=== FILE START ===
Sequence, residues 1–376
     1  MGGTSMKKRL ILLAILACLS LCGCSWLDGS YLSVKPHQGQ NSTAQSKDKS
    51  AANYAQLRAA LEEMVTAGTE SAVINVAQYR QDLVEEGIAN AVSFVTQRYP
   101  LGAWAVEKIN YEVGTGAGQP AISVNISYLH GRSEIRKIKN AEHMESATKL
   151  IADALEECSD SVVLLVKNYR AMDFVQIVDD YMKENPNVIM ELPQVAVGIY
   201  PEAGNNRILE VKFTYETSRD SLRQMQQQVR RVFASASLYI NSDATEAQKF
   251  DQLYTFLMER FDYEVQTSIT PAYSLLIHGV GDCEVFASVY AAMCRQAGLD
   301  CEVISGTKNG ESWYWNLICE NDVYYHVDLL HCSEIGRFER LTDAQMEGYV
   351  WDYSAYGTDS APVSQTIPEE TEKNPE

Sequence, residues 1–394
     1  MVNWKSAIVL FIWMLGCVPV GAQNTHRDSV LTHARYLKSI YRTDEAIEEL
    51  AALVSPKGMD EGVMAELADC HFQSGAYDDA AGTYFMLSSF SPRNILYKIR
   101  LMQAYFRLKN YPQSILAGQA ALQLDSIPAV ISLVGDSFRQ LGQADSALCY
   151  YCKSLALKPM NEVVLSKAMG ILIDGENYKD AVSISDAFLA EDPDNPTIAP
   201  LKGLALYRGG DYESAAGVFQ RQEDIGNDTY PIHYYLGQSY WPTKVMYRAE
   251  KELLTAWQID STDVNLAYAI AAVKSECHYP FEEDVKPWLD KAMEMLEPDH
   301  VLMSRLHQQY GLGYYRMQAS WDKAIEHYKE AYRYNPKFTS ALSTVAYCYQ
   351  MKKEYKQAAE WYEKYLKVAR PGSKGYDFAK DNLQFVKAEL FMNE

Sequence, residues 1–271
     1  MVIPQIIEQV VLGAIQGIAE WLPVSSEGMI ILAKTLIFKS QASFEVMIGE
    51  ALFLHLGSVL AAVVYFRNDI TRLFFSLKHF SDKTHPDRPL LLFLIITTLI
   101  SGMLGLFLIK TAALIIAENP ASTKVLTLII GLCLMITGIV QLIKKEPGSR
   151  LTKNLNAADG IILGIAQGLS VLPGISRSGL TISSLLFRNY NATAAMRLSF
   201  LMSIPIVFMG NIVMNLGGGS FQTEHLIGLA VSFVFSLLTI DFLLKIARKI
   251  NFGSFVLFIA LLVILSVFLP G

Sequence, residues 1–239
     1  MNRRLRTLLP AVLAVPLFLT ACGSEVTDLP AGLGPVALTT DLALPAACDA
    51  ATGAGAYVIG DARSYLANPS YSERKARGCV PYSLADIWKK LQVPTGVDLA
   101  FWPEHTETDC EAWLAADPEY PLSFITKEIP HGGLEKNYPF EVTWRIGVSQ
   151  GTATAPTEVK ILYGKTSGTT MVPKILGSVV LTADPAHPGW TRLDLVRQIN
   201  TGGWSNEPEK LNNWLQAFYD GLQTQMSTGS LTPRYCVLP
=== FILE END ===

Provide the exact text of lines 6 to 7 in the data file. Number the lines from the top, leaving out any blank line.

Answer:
   201  PEAGNNRILE VKFTYETSRD SLRQMQQQVR RVFASASLYI NSDATEAQKF
   251  DQLYTFLMER FDYEVQTSIT PAYSLLIHGV GDCEVFASVY AAMCRQAGLD